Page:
Major drivers of change are re-shaping the global grocery sector, warns Intelligence Node’s Sanjeev Sularia – and you’ll need to use retail analytics to gain a deeper understanding of shopping patterns to survive
Once, the greatest threat to supermarket margin was from super-sized “one-stop shopping” venues and warehouse clubs.
You might look at all that as when life was easy. However, the competitive landscape for global food retailers has morphed into a bewildering kaleidoscope of super-popular cheap grocery chains, pound shops endlessly adding food lines, and e-commerce players applying price transparency – a tough mix you need to pay close attention to.
Take just one facet, the Euro discount grocery brands Aldi and Lidl mounting their own assault. The business model is about low pricing due to small store size and a highly-contained range, with no national brands and shoppers.
While Europe is the current backyard of discount retailing, in countries like the UK, Ireland and Spain and Germany itself, the discounters are also making inroads in the US. Aldi has 1,400 outlets, and plans 600-plus more inside two years. Its rival Lidl has quietly amassed about as many stores in the US, with plans to take this to 2,000 by 2018. Indeed, Aldi was named America’s third-favorite supermarket brand in the latest Market Force Information report, snagging highest overall score in the “Value” category.
At the same time, the discounters are looking to enter many Eastern European countries and emerging markets to grab a similar stake there.
Of course discounters are not the supermarket of choice for every shopper. But their rise represents as fundamental a way to understand the change of shopper habits that was permanently changed by the recession of 2008.
That sound you hear? The battle drums of a huge grocery price war to ensue, maybe for a generation.
Millions of SKUs
The big supermarket chains have heard that sound too, and are reacting. A prime response centres on technology, which is why retailers are increasingly looking at how to exploit business intelligence in order to be as nimble as they can around pricing and sourcing.
How could that help? A merchandizer can access huge volumes of data and millions of records – and when you consider the fact that a typical supermarket stocks thousands of SKUs and an e-commerce portal racks up millions, you can understand why. This is data you can use to make informed decisions on, not guesstimates or gut feel strategizing.
So on Monday morning you might have had a good week, but the right data tool can tell you that Walmart and E LeClerc or Safeway ran a promotion on bread at the last minute, enabling you to think of a local countermove. For price analysis, it will show you how product X or food type Y is being heavily discounted that week, again, allowing you to react.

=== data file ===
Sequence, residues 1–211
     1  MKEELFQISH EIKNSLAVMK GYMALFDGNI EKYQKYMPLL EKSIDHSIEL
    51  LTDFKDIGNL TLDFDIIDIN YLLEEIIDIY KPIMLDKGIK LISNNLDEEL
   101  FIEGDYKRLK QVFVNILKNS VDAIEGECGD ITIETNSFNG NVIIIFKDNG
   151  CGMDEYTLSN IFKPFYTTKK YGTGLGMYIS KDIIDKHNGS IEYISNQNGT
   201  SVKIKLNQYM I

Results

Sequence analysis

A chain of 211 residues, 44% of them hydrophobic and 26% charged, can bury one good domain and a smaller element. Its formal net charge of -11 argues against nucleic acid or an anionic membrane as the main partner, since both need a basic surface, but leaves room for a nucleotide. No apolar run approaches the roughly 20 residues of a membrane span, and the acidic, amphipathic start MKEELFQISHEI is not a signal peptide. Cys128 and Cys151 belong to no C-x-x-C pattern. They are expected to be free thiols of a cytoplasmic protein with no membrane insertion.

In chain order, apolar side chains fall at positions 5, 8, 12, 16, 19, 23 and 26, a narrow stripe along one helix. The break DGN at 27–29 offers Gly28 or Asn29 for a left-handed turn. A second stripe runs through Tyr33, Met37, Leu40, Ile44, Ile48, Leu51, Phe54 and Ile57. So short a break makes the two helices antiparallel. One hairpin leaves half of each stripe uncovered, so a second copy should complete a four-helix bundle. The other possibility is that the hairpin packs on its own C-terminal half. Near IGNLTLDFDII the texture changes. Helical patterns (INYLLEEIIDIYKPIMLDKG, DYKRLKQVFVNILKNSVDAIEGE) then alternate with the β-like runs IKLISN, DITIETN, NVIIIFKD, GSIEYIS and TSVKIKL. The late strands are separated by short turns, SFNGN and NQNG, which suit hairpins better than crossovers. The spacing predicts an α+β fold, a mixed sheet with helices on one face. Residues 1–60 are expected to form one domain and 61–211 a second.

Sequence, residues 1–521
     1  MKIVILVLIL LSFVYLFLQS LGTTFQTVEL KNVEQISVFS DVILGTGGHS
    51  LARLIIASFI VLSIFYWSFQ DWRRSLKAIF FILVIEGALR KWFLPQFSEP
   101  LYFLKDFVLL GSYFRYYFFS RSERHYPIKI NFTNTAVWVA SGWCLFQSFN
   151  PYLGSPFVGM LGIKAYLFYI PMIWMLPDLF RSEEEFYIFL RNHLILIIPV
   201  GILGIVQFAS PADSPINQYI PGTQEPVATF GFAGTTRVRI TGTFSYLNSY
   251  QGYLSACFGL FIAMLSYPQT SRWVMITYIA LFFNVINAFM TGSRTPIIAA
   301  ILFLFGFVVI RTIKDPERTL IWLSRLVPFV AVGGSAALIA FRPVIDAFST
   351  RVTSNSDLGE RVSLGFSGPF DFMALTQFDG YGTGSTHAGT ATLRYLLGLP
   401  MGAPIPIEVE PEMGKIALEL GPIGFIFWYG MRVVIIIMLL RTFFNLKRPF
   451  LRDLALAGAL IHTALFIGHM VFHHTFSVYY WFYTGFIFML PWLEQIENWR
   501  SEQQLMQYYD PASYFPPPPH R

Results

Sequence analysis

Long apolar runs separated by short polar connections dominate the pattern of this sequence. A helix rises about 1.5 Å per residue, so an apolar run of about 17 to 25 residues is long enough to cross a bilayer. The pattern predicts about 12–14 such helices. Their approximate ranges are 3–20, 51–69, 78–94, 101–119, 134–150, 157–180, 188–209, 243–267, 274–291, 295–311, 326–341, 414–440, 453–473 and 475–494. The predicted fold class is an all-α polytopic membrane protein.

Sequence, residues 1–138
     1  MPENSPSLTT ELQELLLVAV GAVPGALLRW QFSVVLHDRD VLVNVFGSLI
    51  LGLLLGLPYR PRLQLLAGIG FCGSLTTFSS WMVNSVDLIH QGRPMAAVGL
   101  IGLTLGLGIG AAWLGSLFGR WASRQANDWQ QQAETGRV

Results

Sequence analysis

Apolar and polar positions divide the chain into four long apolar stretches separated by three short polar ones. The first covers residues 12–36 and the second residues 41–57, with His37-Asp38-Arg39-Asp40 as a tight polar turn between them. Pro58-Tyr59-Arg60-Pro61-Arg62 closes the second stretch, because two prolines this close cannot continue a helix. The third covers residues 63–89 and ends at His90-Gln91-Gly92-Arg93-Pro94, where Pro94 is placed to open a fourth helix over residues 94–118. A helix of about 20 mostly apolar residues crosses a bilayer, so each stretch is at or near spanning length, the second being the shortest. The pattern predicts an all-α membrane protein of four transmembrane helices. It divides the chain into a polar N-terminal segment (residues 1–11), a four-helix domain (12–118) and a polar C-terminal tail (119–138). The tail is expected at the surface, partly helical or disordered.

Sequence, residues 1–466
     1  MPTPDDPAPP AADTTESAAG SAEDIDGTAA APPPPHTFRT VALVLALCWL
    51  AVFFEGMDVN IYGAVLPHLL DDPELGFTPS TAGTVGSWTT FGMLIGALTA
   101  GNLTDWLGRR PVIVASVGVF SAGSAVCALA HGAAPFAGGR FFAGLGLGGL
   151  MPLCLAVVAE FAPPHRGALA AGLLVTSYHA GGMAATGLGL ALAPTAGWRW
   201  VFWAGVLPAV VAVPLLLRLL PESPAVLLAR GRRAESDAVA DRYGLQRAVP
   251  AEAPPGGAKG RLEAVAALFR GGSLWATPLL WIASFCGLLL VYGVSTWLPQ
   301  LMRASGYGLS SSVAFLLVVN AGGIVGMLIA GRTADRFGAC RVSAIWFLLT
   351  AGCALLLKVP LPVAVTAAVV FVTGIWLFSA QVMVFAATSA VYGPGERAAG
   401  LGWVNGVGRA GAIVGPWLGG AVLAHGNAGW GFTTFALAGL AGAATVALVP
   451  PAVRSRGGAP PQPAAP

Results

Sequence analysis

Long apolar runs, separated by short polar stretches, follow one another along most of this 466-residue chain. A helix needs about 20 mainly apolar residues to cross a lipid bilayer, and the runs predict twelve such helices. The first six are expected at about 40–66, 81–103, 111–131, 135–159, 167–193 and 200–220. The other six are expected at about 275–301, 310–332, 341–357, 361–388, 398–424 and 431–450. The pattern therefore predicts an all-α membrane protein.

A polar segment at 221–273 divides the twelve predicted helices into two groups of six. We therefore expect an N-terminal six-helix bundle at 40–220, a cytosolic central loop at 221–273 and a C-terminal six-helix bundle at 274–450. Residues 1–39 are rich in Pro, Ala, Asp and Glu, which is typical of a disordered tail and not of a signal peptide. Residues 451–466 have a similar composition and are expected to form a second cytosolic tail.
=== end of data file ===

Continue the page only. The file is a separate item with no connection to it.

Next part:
Good data technology therefore helps you understand and optimize for demand, trends, products, price architecture and regional behavioral differences. If dairy-free products are in demand this week, for instance, then you will be first to know about it, adjusting pricing and sourcing accordingly.
Meanwhile, volume, pricing and revenue goals with automated price calibration functionality can also be factored in. Brands and retailers have access to historic price and visibility fluctuations of individual items to make better decisions as well.
Smart cart intelligence
Even better, with the right back office system all that information can be connected up with information about the customer as an individual – allowing you to offer highly personalized, price-sensitive, well-curated promotions.
Modern business software can also pro-actively recommend products to these customers based on their previous (on-line and in-store) purchases, and can also unlock and apply desired store-level or category-level discounts, as well as trigger those great Amazon-style, ‘If you bought this, you might be interested in this’ type recommendations – and in real-time, too.
Take highly successful Jet.com, launched last summer but which represents a similar data-powered success (it’s already being ranked as the no 4 marketplace for its sales volume)? The online retailer uses smart cart pricing that intelligently unlocks recommendations and discounts based on a customer’s purchasing and browsing history and this is a big part of what gives the brand its highest margins.
Its smart cart approach saves $$ for its customers by matching customer location and merchandise with the closest available Jet-trusted partner, instantaneously. It’s true basket-based thinking; whenever a product is added to the shopping basket, the software recommends another associated product on which customers can save money.
It’s not just the Jet.coms of the world that can do smart cart thinking, but all retailers to effectively counter the threat of the discounters and find better ways to help customers.
The author is chief executive officer and co-founder of Intelligence Node (http://www.intelligencenode.com), a firm that helps retail brands make timely, data-driven decisions
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